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Wednesday, 20 January 2021

REVIEW: Always On My Mind for the Living Record Festival

This short playlet is a perfect product of the Lockdowns in 2020 in its theme and its technical execution and the end result is an intriguing piece of drama. Taking its cue from the Willie Nelson song Always on my mind where he sings. “Maybe I didn’t love you, Quite as often as I could have, and maybe I didn’t treat you, quite as good as I should have”, the play explores a couple who have split up reconnecting after six months. It resonates as a living record of the time as so many couples must have found the strains of lockdown together, or apart, difficult to deal with and all of us have tried to connect with people over the ubiquitous Zoom call and found while it allows you to see and speak to each other it inhibits real communication.

Although this started as a four-person sixty-minute play it feels like it was written for the medium as two-hander socially distanced awkward first meeting after a painful breakup. If anything, it leaves you wanting a second and possibly third act as when their call together ends abruptly you really want to know what happened next. The devise for the online version of having an actor play themselves as well as their alter ego self-watching over their shoulder and revealing their real feelings works really well and would have been fascinating to explore this more in subsequent acts.

REVIEW: How do you make a cup of tea? Online at Graeae

In Spring 2020, leading UK disabled-led theatre company, Graeae launched Crips Without Constraints, an online weekly series of new works championing deaf and disabled artists. Following its success, on January 19, Graeae launched Crips Without Constraints: Part Two, a series of five new online plays. Each work will star a selection of UK’s finest performers including; Dame Harriet Walter, Sharon D. Clarke, Mandy Colleran, Naomi Wirthner, Cherylee Houston and Julie Graham.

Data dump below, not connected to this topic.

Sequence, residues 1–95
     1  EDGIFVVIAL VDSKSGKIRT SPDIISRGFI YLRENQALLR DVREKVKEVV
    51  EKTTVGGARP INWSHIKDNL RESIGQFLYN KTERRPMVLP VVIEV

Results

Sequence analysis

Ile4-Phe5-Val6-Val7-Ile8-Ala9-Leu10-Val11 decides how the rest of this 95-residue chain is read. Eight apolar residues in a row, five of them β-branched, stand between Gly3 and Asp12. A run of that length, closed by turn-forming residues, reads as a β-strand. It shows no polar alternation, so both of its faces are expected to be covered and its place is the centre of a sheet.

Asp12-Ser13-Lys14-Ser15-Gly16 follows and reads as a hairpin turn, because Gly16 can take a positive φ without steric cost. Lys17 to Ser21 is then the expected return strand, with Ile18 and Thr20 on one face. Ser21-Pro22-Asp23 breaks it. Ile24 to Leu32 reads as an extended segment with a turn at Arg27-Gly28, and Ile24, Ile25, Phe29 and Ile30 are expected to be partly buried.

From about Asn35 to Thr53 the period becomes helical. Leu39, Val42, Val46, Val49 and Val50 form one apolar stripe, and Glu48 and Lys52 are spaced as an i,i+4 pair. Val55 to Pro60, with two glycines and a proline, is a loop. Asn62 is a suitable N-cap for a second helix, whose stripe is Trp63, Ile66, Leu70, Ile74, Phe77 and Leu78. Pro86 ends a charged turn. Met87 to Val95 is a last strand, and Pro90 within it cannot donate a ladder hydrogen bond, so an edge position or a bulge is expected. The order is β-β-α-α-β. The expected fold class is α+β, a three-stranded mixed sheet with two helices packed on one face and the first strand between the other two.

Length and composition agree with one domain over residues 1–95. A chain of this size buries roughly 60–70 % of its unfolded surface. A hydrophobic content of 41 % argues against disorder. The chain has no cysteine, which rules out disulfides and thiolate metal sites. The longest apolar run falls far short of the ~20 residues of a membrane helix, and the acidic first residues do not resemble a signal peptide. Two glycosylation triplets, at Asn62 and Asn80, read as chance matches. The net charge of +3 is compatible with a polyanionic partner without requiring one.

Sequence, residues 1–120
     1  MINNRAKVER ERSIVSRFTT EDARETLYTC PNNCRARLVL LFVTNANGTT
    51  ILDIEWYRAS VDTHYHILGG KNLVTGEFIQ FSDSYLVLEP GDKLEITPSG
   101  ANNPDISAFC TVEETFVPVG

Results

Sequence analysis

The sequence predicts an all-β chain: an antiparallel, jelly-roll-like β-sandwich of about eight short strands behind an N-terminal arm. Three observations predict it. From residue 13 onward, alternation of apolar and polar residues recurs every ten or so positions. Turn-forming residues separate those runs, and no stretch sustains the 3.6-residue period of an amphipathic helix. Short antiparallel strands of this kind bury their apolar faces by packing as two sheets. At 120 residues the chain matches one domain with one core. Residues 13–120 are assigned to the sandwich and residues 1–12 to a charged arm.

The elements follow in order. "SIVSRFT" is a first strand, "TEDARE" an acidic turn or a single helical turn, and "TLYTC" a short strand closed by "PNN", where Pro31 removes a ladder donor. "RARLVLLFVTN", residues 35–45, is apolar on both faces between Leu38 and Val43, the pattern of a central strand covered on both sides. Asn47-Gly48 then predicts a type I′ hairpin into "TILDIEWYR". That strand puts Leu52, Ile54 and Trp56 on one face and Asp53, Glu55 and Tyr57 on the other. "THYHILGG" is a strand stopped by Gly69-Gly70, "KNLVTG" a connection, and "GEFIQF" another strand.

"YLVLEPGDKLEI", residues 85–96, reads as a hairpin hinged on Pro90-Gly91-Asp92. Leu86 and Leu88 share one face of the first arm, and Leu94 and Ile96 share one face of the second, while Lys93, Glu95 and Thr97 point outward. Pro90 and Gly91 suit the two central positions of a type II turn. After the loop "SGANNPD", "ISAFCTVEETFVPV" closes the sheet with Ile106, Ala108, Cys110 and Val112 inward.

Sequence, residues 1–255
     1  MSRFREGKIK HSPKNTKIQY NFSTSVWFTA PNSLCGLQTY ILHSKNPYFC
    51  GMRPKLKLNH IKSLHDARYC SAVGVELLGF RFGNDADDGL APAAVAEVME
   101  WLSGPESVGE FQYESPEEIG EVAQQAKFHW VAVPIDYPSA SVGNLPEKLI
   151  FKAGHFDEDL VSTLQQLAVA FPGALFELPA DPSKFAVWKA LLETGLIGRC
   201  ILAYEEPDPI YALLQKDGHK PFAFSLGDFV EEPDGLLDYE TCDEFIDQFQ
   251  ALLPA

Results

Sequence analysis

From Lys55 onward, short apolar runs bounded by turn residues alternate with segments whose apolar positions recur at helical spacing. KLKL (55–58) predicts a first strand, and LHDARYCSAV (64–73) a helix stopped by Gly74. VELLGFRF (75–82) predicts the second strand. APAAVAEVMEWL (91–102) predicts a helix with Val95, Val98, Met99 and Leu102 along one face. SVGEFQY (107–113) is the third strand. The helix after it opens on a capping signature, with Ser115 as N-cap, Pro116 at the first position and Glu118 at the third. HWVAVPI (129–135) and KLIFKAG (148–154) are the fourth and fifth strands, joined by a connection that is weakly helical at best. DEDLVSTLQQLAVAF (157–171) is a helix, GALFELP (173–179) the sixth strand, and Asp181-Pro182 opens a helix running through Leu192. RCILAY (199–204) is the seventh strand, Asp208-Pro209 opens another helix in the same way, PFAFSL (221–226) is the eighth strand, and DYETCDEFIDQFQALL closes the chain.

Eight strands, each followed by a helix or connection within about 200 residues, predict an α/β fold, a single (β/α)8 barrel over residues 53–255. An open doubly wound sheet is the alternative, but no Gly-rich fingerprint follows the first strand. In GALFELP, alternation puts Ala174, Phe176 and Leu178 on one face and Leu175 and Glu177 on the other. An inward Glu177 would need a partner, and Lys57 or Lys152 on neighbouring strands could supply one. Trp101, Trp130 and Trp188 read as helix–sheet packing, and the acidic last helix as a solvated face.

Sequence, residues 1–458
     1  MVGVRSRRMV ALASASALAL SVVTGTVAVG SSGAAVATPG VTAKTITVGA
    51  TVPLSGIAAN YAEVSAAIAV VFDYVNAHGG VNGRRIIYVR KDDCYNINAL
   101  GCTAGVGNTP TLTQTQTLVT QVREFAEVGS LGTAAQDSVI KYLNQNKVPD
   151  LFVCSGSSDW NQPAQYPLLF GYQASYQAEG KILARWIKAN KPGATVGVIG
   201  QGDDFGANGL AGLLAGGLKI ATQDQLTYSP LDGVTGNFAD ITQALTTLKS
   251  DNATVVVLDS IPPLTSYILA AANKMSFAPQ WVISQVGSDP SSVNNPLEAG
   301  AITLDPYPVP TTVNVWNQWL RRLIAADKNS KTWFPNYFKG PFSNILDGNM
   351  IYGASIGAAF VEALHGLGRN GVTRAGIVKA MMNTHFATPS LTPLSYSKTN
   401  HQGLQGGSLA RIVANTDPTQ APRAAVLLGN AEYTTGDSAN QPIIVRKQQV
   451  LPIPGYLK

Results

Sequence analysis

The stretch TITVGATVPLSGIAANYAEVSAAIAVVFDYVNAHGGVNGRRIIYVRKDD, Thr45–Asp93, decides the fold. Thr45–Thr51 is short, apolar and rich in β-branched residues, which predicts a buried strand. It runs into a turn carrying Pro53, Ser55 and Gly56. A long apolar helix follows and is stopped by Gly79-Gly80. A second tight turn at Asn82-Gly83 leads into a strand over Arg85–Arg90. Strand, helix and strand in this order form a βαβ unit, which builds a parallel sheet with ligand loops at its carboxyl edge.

How Do You Make a Cup Of Tea? written by Kellan Frankland and performed by Dame Harriet Walter and Mandy Colleran is the first of the bunch to launch. Clocking in at just under twenty minutes long, it is a powerful, frank and necessary expose of issues regarding the representation of disabled people by non-disabled actors in film and theatre. It takes the form of a dark comedy masterfully jostling between absurdity and realism. Frankland ultimately serves up a sobering reality experienced by many.

Tuesday, 19 January 2021

Frozen the Musical delays its West End opening at the Theatre Royal, Drury Lane

Frozen, the stage adaption of the hit film of the same name by Disney, has postponed its West End opening. The show was due to open at the Theatre Royal, Drury Lane in April 2021. A new date has not been announced. 

The statement reads as follows: 

"As we start a new year, we are all excited about the time when we will be back in the theatre together enjoying the magic of live performance. In light of the recent government implementation of a full national lockdown, it has become necessary to postpone the opening of Frozen, which was planned for April, just a little longer.